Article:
HO FENG-SHAN ° (1901–1997), Chinese diplomat in World War II; Righteous Among the Nations. In 1938, Ho served as the Chinese consul-general in Vienna. When Austria was annexed to Nazi Germany in March 1938, the 185,000 Jews there were subjected to a severe reign of terror, and for them to leave the country the Nazis required an entry visa or a boat ticket to another country. However, at the *Evian Conference, in April 1938, the nations of the world refused to budge from their restrictive immigration policies. In contrast to other diplomats, Ho Feng-Shan issued visas to China to all who requested it, even to persons who wished to travel elsewhere but needed to show a visa to be able to leave Nazi Germany. Many of those helped by Ho did indeed reach Shanghai, either by boat from Italy or overland via the Soviet Union. Many others availed themselves of the visa to reach other destinations, such as Palestine, Cuba, the Philippines, and elsewhere. Eric Goldstaub, one of the lucky recipients, who reached Canada, stated that he received a Chinese visa in July 1938 for his entire large family after "I spent days, weeks and months visiting one foreign consulate or embassy after the other trying to obtain visas for myself, my parents and our near relatives numbering some 20 people." Lilith-Sylvia Doron, in Israel, related that she met Ho by chance, as both watched Hitler's entry into Vienna on March 10, 1938, which was accompanied by physical attacks against the city's Jews. "Ho, who knew my family, accompanied me home. He claimed that thanks to his diplomatic status they would not dare harm us as long as he remained in our home. Ho continued to visit our home on a permanent basis to protect us from the Nazis." When Lilith's brother Karl was arrested and taken to the Dachau camp, he was released thanks to a visa from the Chinese consulate. The rush for visas assumed panic proportions during and immediately after Kristallnacht, in November 1938, when thousands of Jews were thrown into concentration camps and could only be released if their relatives produced visas or tickets for travel to other destinations. Gerda Gottfried Kraus, who reached Canada, testified that after Kristallnacht, her husband stood in a long line to be admitted into the Chinese consulate. Seeing a car approaching the Consulate's gates, he thrust his application form through the car's window. "Apparently, the consul-general received it, because [my husband] then got a call and received the visas." Ho refused to abide by the instructions of his superior, the Chinese ambassador in Berlin, Chen Jie, who forbade him to issue visas on such a large scale, estimated to run into the hundreds, perhaps even thousands. Again, it is worth remembering that although visas were not required for entrance to Shanghai, such a document was a prerequisite for Jews wishing to leave Nazi Germany. It is believed that the "demerit" which was entered into Ho's personal file in 1939 at the Chinese Foreign Ministry was linked to his insubordinate behavior on the issue of the visas toward his immediate superior, the ambassador in Berlin. After a long diplomatic career, Ho retired in 1973. It was only after his death that the story of his help to Jews was made public, through evidence submitted by survivors who benefited from Ho's aid. In 2000, Ho Feng-Shan was declared by Yad Vashem one of the Righteous Among the Nations.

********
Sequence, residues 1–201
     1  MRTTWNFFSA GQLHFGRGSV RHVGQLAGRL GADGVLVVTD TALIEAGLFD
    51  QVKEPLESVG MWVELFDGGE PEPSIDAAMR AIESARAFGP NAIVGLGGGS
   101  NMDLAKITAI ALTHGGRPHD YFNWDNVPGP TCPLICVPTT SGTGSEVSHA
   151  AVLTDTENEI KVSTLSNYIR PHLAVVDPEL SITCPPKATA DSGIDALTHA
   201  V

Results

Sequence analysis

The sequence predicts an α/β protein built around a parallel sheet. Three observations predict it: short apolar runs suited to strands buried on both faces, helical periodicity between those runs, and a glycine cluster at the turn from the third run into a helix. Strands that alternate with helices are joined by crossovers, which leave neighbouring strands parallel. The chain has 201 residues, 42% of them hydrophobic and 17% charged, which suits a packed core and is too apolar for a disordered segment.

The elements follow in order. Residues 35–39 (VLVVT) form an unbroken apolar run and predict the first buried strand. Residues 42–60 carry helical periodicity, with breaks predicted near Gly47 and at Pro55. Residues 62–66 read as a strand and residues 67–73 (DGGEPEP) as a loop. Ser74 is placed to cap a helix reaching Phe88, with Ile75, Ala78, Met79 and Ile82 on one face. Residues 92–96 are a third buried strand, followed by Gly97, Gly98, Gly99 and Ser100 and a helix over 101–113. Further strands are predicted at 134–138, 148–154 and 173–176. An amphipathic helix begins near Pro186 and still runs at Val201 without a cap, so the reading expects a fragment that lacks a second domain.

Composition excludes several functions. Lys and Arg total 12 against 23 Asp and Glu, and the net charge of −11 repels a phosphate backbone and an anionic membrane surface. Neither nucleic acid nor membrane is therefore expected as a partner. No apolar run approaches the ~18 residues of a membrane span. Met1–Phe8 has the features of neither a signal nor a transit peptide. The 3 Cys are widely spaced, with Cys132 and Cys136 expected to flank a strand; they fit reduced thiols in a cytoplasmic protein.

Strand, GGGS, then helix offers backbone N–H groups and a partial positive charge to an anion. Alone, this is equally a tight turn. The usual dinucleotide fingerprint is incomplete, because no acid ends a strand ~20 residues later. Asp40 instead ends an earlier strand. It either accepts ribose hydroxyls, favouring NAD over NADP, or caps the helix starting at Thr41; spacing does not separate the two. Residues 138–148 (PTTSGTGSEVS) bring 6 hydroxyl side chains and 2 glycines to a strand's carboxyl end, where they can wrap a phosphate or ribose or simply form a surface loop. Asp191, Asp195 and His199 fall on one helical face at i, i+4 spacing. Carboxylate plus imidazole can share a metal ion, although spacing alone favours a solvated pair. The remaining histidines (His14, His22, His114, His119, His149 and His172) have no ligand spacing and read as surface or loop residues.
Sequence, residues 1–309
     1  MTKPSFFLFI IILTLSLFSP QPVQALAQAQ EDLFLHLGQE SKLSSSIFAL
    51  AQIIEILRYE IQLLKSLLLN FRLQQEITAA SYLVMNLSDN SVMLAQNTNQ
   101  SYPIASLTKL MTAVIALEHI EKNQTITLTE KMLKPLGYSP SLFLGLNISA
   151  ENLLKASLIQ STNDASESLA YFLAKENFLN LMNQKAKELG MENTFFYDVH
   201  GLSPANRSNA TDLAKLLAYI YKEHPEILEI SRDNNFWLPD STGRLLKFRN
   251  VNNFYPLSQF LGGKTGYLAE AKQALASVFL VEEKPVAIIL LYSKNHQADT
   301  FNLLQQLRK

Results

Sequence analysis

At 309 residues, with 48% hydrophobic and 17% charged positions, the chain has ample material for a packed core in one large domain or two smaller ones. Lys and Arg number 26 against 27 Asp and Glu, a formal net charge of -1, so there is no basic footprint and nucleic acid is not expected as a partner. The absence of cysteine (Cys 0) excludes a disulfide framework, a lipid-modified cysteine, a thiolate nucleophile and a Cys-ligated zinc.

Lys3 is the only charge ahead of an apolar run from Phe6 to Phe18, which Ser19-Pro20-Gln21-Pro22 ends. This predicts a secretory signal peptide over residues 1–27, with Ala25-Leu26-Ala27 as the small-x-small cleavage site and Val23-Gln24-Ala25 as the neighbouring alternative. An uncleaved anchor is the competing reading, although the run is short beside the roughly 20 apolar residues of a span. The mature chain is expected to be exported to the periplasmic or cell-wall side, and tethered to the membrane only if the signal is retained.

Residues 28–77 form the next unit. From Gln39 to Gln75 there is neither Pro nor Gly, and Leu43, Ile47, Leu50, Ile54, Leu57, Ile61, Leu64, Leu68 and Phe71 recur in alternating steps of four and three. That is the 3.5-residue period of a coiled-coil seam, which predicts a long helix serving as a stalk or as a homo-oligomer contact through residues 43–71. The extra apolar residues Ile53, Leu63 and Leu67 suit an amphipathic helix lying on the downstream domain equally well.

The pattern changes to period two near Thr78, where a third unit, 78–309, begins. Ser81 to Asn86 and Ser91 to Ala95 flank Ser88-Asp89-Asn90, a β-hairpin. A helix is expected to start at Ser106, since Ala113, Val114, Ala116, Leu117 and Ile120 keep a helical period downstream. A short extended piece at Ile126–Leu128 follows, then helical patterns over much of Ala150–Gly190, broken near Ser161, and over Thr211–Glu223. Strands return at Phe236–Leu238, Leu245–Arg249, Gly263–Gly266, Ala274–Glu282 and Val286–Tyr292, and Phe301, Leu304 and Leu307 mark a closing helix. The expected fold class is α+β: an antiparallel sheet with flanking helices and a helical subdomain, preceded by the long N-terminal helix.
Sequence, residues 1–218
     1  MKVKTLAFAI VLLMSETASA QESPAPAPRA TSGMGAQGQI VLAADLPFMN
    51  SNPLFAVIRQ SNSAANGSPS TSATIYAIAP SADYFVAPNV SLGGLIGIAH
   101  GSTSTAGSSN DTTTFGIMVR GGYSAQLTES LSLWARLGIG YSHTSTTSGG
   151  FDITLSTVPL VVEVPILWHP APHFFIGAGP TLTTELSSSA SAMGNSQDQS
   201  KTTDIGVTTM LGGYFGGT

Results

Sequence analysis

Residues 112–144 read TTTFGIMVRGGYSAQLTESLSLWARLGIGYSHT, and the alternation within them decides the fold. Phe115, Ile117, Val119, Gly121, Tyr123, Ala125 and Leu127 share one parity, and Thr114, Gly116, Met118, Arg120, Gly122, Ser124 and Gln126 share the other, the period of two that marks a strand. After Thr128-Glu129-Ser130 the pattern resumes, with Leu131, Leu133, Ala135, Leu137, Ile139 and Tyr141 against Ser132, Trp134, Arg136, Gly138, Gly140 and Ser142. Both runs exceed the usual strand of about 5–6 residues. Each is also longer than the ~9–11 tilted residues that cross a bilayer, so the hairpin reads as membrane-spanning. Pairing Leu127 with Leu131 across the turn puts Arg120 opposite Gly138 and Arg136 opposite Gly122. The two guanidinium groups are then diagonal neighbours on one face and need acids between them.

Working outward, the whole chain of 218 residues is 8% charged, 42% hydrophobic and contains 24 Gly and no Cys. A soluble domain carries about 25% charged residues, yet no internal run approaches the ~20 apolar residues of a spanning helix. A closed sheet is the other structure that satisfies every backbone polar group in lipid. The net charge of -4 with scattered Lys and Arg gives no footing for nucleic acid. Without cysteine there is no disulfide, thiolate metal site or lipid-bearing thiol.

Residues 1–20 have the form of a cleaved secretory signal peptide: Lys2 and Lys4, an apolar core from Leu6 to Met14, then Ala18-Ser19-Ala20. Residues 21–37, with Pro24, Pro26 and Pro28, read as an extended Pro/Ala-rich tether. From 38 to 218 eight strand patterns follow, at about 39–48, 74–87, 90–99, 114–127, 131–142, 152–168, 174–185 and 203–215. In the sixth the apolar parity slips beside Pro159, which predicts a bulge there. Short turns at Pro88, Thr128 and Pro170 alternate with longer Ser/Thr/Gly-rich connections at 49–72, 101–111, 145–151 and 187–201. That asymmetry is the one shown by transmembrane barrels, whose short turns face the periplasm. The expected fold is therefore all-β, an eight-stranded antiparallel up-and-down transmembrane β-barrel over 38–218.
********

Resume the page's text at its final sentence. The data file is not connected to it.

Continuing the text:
Yad Vashem Archives m31–8688.
[Mordecai Paldiel (2nd ed.)]